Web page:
God makes lots of people in all colours, shapes and sizes.
He loves them very much and what we need to realize is
that calling people names because they're different is wrong.
Instead we need to look on them in love, and sing this song:
I can be your friend (la la la) I can be your friend
If your hair is red or yellow, we can have lunch, I'll share my Jell-o! ...
I do love Veggie-Tales. :)
This morning my company attended an annual breakfast hosted by Chrysalis, a local organization that assists people with a variety of disabilities to find their place in the larger community. While we were there, I noticed a young lady crossing the field: she used arm-brace crutches and had to wrestle her lower body with every step she took, but walk she did.
When I saw her, my first thought was that had my daughter Jessica's birth defects been less intense, my little girl might have grown up to be like her: earning every step with exhausting physical effort, leaning on metal crutches while dragging her reluctant legs forward. Jessica had a spinal column defect that would have created mobility problems and other challenges, had it been positioned lower on her spine. As it was, the Jessica's spine was damaged high on her neck and resulted in malformations in her brain. She could not have survived with the incomplete neural structures she was born with, so for her, it was a blessing that she was here only long enough to say hello and goodbye.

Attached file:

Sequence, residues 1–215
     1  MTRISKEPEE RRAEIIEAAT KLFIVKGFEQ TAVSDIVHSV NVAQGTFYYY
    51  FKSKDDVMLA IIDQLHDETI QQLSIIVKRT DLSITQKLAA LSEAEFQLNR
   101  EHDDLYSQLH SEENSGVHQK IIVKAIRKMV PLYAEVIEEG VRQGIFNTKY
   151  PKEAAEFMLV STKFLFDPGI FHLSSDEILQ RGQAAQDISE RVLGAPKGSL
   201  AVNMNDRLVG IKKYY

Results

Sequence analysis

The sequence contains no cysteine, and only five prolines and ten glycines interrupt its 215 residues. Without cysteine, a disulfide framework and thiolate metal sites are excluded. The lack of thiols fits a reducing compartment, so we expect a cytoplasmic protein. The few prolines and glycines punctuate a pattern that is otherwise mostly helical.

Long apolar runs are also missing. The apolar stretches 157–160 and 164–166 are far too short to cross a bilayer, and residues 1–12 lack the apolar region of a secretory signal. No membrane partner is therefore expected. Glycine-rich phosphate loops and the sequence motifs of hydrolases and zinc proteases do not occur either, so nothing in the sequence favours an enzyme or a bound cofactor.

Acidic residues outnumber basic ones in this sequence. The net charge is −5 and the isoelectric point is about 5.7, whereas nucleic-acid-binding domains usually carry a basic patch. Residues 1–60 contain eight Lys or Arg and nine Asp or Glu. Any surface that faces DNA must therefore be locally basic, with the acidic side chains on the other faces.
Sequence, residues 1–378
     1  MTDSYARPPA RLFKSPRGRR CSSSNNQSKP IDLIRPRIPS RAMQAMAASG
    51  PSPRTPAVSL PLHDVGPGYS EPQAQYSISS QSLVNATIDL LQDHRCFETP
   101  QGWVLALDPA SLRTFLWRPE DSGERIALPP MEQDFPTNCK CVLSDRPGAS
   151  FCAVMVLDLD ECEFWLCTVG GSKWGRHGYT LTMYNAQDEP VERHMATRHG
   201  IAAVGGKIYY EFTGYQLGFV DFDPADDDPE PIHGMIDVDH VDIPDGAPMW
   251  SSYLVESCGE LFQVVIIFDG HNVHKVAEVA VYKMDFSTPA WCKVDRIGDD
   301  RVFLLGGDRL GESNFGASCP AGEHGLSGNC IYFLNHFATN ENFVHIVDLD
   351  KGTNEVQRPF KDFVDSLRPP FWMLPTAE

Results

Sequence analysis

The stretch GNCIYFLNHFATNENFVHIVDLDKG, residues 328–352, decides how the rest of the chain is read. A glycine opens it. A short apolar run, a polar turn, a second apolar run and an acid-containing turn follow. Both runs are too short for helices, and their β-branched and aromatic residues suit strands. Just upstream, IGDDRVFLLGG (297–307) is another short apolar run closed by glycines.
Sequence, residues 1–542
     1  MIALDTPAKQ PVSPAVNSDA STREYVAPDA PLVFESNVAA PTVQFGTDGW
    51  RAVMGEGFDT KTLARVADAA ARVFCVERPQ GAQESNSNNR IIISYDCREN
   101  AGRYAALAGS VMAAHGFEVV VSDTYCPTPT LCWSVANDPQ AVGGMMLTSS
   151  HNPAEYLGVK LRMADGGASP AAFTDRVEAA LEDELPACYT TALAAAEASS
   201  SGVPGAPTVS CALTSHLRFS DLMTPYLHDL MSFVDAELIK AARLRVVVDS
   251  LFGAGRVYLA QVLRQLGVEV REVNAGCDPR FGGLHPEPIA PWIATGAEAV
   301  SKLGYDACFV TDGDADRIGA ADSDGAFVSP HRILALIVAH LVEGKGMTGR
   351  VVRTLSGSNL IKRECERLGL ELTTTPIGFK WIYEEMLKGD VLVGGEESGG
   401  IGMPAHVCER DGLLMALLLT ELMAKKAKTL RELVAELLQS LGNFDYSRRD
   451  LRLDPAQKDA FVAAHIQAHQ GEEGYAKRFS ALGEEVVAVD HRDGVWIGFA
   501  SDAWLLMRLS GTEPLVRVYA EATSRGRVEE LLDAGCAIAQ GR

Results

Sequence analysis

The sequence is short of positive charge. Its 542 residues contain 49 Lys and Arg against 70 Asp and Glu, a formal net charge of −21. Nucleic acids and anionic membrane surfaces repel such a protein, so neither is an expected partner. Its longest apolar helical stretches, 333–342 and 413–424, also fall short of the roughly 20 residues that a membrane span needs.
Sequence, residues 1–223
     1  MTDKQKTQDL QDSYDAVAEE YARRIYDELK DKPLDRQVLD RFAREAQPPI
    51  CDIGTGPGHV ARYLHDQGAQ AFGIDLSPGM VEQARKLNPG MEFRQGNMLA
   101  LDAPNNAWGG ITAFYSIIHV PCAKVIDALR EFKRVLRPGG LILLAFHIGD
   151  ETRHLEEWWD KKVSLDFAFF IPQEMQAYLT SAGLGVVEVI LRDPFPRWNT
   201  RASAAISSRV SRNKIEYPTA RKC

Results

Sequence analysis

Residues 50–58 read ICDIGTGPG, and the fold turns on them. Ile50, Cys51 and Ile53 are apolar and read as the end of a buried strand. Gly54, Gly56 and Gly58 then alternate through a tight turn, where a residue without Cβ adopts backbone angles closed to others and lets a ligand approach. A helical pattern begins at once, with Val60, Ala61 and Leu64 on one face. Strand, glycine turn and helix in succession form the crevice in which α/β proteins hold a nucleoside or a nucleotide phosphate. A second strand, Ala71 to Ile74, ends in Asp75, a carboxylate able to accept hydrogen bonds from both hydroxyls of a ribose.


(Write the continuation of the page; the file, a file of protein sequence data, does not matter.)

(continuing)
Still, had things been just a little different, I might have been taking my daughter to physiotherapy, doing exercises with her every day, fighting with her for every step. I might be thinking about things like wheelchair ramps and automatic doors when deciding where to eat out and where to shop, or dealing with the frustration of people not shovelling snow from their walks because we can't get through with a wheelchair or a kid on crutches. I might have had to rehearse explanataions of the assistive devices that become extensions of a damaged body, and forced to develop courteous responses for rude strangers - pointing out that just because a body or mind isn't as quick as yours doesn't mean the person inside that damaged body or slowed mind won't be hurt by cruel words or ignorant stares.
I thought about how easily it could have been my kid who needed the help of organizations like Chrysalis, and I was grateful to all the people who work so hard to ensure that our community welcomes people who come in unusual packages. And, I realized that I'm part of that community, too, and I vowed to be more open and welcoming to those who could so easily have been just like my kid, had things been just a little different.